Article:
To investigate if the effect of cardiac computed tomography (CT) vs. invasive coronary angiography (ICA) on cardiovascular events differs based on smoking status. This pre-specified subgroup analysis of the pragmatic, prospective, multicentre, randomised DISCHARGE trial (NCT02400229) involved 3561 patients with suspected coronary artery disease (CAD). The primary endpoint was major adverse cardiovascular events (MACE: cardiovascular death, non-fatal myocardial infarction, or stroke). Secondary endpoints included an expanded MACE composite (MACE, transient ischaemic attack, or major procedure-related complications). Of 3445 randomised patients with smoking data (mean age 59.1 years + / − 9.7, 1151 men), at 3.5-year follow-up, the effect of CT vs. ICA on MACE was consistent across smoking groups (p for interaction = 0.98). The percutaneous coronary intervention rate was significantly lower with a CT-first strategy in smokers and former smokers (p = 0.01 for both). A CT-first strategy reduced the hazard of major procedure-related complications (HR: 0.21, 95% CI: 0.03, 0.81; p = 0.045) across smoking groups. In current smokers, the expanded MACE composite was lower in the CT- compared to the ICA-first strategy (2.3% (8) vs 6.0% (18), HR: 0.38; 95% CI: 0.17, 0.88). The rate of non-obstructive CAD was significantly higher in all three smoking groups in the CT-first strategy. For patients with stable chest pain referred for ICA, the clinical outcomes of CT were consistent across smoking status. The CT-first approach led to a higher detection rate of non-obstructive CAD and fewer major procedure-related complications in smokers. This pre-specified sub-analysis of the DISCHARGE trial confirms that a CT-first strategy in patients with stable chest pain referred for invasive coronary angiography with an intermediate pre-test probability of coronary artery disease is as effective as and safer than invasive coronary angiography, irrespective of smoking status. ClinicalTrials.gov NCT02400229. • No randomised studies have assessed smoking status on CT effectiveness in symptomatic patients referred for invasive coronary angiography. • A CT-first strategy results in comparable adverse events, fewer complications, and increased coronary artery disease detection, irrespective of smoking status. • A CT-first strategy is safe and effective for stable chest pain patients with intermediate pre-test probability for CAD, including never smokers.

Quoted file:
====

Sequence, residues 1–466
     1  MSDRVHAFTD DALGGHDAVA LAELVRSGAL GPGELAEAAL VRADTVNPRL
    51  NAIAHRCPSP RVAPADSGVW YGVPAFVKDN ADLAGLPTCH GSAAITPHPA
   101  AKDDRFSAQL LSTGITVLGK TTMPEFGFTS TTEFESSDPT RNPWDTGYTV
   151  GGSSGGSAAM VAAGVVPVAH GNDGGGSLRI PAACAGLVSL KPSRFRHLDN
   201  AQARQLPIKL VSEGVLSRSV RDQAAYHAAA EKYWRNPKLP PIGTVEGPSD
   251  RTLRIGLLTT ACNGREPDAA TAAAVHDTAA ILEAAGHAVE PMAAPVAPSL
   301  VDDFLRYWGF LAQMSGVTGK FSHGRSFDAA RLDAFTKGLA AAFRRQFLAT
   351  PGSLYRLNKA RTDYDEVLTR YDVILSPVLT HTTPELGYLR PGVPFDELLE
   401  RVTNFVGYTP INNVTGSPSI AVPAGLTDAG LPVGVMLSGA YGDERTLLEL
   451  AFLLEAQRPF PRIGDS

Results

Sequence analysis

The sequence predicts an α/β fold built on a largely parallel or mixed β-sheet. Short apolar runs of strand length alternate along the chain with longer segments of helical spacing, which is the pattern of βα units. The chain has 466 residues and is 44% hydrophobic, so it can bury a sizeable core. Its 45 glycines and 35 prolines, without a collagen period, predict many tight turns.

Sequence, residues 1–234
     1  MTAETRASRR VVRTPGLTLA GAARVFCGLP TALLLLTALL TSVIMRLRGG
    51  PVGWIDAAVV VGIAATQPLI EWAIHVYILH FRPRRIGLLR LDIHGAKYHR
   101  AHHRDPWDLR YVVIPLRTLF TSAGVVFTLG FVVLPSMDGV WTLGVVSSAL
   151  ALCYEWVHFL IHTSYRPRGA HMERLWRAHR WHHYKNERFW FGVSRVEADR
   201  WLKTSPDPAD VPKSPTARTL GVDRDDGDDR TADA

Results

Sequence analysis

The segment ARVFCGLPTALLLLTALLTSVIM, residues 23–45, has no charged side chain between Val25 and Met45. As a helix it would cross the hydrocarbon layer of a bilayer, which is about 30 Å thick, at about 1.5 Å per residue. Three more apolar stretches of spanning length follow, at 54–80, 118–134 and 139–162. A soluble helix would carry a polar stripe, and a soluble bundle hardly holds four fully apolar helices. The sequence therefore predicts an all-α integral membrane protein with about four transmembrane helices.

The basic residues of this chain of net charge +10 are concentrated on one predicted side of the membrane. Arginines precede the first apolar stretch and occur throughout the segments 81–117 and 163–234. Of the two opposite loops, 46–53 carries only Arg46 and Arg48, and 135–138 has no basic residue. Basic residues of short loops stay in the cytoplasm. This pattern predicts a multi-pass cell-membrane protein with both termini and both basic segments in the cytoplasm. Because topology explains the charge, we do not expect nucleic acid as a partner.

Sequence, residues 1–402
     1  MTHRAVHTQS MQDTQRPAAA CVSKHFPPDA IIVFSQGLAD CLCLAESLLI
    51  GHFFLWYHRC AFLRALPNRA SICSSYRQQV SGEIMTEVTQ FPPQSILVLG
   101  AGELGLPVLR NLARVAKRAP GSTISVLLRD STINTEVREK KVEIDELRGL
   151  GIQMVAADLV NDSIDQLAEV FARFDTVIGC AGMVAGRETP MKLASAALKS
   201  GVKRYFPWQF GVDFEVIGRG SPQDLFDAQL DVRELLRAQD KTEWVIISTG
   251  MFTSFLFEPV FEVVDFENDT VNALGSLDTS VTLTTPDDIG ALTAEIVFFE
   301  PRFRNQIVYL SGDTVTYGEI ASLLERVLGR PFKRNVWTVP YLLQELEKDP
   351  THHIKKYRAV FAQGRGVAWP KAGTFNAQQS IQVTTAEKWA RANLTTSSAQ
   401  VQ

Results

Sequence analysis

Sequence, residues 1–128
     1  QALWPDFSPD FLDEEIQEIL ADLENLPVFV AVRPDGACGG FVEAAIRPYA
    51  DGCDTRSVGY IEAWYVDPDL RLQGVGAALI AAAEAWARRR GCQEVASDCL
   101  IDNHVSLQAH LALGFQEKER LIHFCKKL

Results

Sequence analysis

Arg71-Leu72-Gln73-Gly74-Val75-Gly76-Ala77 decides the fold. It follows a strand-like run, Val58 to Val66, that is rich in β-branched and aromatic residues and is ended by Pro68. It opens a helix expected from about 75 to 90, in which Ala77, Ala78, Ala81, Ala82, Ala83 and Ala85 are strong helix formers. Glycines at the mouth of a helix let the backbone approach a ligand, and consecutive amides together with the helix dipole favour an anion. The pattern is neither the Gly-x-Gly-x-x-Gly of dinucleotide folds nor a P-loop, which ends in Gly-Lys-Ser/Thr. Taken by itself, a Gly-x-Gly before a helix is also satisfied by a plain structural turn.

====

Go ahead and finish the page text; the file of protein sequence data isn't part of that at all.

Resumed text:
Meticulous macroscopic examination of specimens and tissue sampling are crucial for accurate histopathology reporting. However, macroscopy has generally received less attention than microscopy and may be delegated to relatively inexperienced practitioners with limited guidance and supervision. This introductory paper in the minisymposium, Macroscopy Under the Microscope , focuses on issues regarding macroscopic examination and tissue sampling that have been insufficiently addressed in the published literature. It highlights the importance of specimen examination and sampling, discusses some general principles, outlines challenges and suggests potential solutions. It is critical to get macroscopy right the first time as it may not be possible to rectify errors even with expert histological assessment or to retrospectively collect missing data after the specimen retention period. Dissectors must, therefore, receive adequate guidance and supervision until they are proficient in macroscopic specimen examination. We emphasise the importance of the clinical context, optimal specimen fixation, succinct and clinically relevant macroscopic descriptions, macrophotography and judicious tissue sampling. We note that current recommendations based on the number of blocks to be submitted per maximum tumour dimension are ambiguous as the amount of tissue submitted in a cassette is not standardised and it is unclear whether ‘block’ refers to a tissue block or a paraffin block. Concerns around potential oversampling of ‘therapeutic’ specimens that could result in overdiagnosis due to detection of incidentalomas are also discussed. We hope that the issues discussed in this paper will engender debate on this clinically critical aspect of pathology practice.